CANCER GROUPS AGREE
The guidelines broadly agree with others released by the American Cancer Society, the American Society for Colposcopy and Cervical Pathology and the American Society for Clinical Pathology. Those groups favor screening with both Pap and HPV tests every five years once women hit 30, but say every three years with Pap tests alone is also acceptable. Again, they recommend screening from age 21 to 65 in most cases.
In their report, released in CA: A Cancer Journal for Clinicians and other partner journals, the group’s report estimates that without screening, 31 to 33 out of every 1,000 U.S. women would be expected to get cervical cancer in their lives. With Pap tests done every three years, that falls to five to eight per 1,000.
Pelvic Exam Versus Pap Test
Many people confuse pelvic exams with Pap tests. The pelvic exam may be a part of a woman’s health care exam, and may be done even if a Pap and HPV test are not done. The pelvic exam alone will not find cervical cancer at an early stage, and cannot find abnormal cells of the cervix. Only Pap tests, or Pap plus HPV tests, can find early cervical cancers or precancers.
The relative benefit is slimmer when the tests are done more frequently, but the chance of having side effects from testing is just as high each time.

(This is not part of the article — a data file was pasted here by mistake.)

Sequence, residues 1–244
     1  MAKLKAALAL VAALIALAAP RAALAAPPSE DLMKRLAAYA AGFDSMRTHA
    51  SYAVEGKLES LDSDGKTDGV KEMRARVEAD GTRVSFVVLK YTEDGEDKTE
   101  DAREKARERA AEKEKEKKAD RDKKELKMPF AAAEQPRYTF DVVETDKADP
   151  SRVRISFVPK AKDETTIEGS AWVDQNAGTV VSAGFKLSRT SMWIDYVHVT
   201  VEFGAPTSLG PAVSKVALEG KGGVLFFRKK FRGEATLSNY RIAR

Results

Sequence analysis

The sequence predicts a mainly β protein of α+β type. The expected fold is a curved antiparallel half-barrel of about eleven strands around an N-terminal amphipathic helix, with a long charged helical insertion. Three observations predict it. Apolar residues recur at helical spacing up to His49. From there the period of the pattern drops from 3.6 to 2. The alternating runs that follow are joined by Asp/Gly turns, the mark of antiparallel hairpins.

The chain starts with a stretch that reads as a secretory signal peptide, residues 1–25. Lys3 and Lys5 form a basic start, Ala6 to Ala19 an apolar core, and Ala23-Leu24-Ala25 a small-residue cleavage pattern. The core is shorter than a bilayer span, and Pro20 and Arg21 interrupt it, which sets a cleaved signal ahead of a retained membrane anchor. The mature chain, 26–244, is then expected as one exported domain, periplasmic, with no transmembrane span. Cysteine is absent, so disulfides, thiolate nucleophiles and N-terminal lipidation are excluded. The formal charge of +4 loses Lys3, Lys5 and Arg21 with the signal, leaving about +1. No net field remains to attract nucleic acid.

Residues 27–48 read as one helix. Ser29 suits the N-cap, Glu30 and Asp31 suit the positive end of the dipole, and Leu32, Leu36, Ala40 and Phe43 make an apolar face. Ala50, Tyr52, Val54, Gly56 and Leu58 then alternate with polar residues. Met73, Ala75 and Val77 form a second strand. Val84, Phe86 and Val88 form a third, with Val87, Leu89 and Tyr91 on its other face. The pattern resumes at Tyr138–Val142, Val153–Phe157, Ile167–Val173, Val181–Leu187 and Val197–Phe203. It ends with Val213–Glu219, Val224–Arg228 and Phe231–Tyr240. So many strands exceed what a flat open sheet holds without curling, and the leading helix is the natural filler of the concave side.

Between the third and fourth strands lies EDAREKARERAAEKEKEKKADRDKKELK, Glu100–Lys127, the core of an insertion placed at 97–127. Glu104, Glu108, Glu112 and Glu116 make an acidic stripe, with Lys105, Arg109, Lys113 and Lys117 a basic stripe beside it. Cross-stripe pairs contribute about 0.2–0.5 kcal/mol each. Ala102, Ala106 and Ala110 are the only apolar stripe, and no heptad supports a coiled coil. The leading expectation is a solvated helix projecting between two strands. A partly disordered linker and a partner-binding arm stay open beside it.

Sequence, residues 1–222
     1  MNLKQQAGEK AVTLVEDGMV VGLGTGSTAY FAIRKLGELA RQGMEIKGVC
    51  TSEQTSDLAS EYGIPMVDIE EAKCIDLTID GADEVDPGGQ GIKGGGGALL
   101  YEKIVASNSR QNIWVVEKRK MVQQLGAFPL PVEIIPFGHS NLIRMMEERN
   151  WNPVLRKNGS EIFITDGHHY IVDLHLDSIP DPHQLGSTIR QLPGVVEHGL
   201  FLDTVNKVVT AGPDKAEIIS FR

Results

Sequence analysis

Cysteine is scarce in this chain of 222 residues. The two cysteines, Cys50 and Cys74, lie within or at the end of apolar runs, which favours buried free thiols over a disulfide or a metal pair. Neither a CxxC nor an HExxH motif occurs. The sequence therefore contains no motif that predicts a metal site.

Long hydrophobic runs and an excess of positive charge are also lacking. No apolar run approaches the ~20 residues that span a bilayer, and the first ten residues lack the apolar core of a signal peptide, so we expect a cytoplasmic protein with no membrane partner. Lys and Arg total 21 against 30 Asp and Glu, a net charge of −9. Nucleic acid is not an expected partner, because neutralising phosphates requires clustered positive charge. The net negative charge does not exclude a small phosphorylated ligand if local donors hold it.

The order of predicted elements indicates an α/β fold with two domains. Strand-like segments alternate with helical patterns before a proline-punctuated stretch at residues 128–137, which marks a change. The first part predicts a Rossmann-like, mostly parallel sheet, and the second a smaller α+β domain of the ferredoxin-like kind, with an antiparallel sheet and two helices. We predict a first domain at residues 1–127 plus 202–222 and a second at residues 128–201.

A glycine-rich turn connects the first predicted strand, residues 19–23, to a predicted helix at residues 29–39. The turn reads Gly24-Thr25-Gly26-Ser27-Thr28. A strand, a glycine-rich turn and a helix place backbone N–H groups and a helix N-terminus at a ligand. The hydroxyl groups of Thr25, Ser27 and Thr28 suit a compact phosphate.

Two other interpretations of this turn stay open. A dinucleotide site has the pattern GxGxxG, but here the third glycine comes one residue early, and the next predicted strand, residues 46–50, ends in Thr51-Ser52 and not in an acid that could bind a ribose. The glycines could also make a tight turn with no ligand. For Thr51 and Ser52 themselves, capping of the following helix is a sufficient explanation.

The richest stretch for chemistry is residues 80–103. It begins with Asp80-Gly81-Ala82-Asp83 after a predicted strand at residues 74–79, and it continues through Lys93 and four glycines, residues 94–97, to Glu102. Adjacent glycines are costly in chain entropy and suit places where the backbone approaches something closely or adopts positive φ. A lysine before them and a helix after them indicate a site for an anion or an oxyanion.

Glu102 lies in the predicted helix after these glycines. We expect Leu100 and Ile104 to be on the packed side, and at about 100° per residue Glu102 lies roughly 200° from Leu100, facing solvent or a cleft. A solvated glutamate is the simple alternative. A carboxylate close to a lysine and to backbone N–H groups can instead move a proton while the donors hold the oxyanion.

“Screening too much and too sensitively finds primarily benign infections that really would be better left unfound,” said Philip Castle, head of the American Society for Clinical Pathology Institute, who worked on those guidelines.
“Doing more than what’s evidence-based actually has potential harms for patients, and that shouldn’t be minimized.”
That includes the psychological harms of being told you have an abnormal test, he said. After that, some cervical procedures done as follow-up have been shown to increase women’s chances of having a premature baby later in life.
According to the Centers for Disease Control and Prevention, about 12,000 U.S. women get cervical cancer every year - most caused by cancerous strains of HPV.
Castle said the focus needs to be on making sure that everyone gets the basic level of screening, especially poor women who live in isolated areas.
Moyer agreed that targeting those groups is going to make the biggest difference in cutting rates of new cervical cancer cases and deaths.
“We need to get the women who have not had a Pap smear in the past five years in,” she said. “The women who aren’t getting screened at all, that’s the tragedy.”
Testing for cervical cancer : New recommendations from the American Cancer Society, American Society for Colposcopy and Cervical Pathology, and American Society for Clinical Pathology
Article first published online: 14 MAR 2012 | DOI: 10.3322/caac.21135